Thanks for all you are doing.

Nancy in Portland OR said...

In the '50's and earlier many sonnets--good, well-crafted sonnets--were published in the Journal. If you go to a CS Reading Room and look in the database index of the periodicals (whose name escapes me) for William Aubert Luce you'll find some excellent ones. I discovered him in a perusal of poems in the bound volumes when looking for "real" CS poems, not simply prose clich├ęs cast artificially and awkwardly into pseudo-metric lines. Godfrey John, Joy Dell, Max Dunaway, and most of the time Peter Henniker-Heaton have all contributed "real" poetry.

I don't know what the editors accept any more. I did meet with a former editor some years ago and showed her several I had done, including a CS vilanelle. She, in effect, flipped it off.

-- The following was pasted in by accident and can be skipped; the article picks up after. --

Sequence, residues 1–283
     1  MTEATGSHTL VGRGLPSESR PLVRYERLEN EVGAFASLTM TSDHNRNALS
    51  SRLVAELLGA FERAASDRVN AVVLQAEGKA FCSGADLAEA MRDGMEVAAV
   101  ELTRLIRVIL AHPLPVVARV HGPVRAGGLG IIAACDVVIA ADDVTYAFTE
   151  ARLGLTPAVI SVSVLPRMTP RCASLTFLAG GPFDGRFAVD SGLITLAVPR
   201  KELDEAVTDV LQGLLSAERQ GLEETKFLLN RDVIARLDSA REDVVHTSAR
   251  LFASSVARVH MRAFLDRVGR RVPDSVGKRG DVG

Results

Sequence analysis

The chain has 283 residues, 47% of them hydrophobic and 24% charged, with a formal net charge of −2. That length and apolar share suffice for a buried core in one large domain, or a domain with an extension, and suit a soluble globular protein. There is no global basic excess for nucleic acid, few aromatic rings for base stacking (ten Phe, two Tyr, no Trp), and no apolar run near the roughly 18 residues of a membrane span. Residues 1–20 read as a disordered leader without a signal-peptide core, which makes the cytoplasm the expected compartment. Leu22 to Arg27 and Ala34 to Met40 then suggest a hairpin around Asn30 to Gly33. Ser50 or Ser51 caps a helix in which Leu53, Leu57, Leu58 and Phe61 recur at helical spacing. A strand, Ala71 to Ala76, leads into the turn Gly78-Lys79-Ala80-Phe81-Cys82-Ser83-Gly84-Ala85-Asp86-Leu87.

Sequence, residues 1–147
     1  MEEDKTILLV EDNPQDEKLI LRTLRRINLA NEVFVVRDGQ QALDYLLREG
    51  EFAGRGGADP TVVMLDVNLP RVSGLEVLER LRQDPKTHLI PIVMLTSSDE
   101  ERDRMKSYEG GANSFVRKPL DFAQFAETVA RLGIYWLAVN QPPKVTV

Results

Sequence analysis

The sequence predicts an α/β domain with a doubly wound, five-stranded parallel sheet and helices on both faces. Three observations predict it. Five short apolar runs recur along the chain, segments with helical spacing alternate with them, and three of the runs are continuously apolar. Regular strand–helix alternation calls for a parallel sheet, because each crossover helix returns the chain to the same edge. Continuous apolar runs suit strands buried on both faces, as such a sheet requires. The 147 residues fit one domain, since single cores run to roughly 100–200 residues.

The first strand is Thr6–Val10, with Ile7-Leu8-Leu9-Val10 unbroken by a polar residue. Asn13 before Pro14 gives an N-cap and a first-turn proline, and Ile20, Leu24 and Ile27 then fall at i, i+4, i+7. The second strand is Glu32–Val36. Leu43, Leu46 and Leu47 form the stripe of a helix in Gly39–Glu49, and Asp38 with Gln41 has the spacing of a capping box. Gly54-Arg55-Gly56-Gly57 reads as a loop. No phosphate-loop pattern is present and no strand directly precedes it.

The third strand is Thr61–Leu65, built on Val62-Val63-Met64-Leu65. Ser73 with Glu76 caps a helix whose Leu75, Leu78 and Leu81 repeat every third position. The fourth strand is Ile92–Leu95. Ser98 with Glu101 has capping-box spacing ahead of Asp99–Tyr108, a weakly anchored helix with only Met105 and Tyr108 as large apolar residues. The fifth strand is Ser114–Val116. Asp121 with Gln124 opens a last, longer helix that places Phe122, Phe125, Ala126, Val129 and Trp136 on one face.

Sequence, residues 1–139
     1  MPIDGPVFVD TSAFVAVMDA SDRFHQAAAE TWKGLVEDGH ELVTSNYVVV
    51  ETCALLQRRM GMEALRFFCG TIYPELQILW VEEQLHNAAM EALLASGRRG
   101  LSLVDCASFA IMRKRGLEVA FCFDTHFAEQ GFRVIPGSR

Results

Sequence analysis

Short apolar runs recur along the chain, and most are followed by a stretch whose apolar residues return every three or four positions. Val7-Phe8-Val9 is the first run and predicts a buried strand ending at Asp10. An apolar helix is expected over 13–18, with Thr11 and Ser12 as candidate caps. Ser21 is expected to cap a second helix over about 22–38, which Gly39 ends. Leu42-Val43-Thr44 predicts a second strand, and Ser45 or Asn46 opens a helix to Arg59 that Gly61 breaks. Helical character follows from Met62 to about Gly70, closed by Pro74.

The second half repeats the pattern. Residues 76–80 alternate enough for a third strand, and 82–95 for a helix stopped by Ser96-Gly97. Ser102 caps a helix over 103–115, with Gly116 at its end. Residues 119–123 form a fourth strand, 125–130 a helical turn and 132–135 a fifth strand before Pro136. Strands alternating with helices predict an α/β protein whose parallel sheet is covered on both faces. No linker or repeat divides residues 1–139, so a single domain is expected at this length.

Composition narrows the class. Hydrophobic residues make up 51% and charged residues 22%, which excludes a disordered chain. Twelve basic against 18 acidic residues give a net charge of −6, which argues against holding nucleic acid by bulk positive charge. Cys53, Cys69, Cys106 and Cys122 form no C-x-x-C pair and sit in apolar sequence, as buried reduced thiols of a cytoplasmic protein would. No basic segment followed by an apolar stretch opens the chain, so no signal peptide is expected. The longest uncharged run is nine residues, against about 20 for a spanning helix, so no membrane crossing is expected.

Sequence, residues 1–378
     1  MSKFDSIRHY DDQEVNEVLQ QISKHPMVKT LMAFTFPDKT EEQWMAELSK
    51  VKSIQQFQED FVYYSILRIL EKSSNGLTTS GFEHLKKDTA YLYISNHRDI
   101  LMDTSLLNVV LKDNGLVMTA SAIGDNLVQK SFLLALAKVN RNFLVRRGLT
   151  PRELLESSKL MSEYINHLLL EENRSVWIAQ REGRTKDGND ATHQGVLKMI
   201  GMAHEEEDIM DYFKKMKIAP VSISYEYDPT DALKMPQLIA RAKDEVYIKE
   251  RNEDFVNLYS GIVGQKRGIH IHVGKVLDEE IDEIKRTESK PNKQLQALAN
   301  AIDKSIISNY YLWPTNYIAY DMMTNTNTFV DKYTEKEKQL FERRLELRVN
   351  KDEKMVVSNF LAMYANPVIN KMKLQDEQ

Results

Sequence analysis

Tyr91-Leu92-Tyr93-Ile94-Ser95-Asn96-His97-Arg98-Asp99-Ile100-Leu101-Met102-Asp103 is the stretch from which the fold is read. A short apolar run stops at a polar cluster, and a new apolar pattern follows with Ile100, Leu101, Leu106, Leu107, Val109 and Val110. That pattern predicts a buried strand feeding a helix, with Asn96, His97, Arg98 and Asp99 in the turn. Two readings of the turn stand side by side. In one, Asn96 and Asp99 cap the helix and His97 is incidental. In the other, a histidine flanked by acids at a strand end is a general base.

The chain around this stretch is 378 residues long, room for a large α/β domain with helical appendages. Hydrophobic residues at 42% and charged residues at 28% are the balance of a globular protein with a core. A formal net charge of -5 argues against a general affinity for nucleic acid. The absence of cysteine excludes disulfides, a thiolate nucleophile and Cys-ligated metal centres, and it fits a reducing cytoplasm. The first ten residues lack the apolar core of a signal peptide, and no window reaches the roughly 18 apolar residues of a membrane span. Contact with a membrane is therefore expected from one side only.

Enough already. Thanks for your attention to this. I'll bet you two bits that next month the Journal will publish one or more Letters to the Editor (which it probably solicits) praising the "excellent" Sonnet in the November issue.

"The Moving Finger writes and having writ
Moves on; nor all your Piety nor Wit
Shall lure it back to cancel half a Line,
Nor all your Tears wash out a Word of it." Rubaiyat, LXXVI.

Thanks to you, Christian, even more than to the CSJ, for prompting a romp through the Rubaiyat. I rerereread it at http://www.bartleby.com/41/623.html